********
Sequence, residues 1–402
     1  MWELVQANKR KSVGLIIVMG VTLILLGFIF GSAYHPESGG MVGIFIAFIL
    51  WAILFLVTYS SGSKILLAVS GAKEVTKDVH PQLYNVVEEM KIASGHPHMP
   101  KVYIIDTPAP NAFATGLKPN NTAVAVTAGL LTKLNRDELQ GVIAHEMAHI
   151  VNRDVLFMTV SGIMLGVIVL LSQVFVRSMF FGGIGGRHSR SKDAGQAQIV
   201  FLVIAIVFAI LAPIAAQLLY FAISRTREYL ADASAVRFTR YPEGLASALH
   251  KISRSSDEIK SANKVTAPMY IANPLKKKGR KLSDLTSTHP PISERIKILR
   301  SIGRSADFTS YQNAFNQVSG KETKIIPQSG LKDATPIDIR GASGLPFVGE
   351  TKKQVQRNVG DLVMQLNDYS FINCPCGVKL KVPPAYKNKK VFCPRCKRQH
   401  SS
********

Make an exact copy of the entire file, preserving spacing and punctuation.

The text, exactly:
Sequence, residues 1–402
     1  MWELVQANKR KSVGLIIVMG VTLILLGFIF GSAYHPESGG MVGIFIAFIL
    51  WAILFLVTYS SGSKILLAVS GAKEVTKDVH PQLYNVVEEM KIASGHPHMP
   101  KVYIIDTPAP NAFATGLKPN NTAVAVTAGL LTKLNRDELQ GVIAHEMAHI
   151  VNRDVLFMTV SGIMLGVIVL LSQVFVRSMF FGGIGGRHSR SKDAGQAQIV
   201  FLVIAIVFAI LAPIAAQLLY FAISRTREYL ADASAVRFTR YPEGLASALH
   251  KISRSSDEIK SANKVTAPMY IANPLKKKGR KLSDLTSTHP PISERIKILR
   301  SIGRSADFTS YQNAFNQVSG KETKIIPQSG LKDATPIDIR GASGLPFVGE
   351  TKKQVQRNVG DLVMQLNDYS FINCPCGVKL KVPPAYKNKK VFCPRCKRQH
   401  SS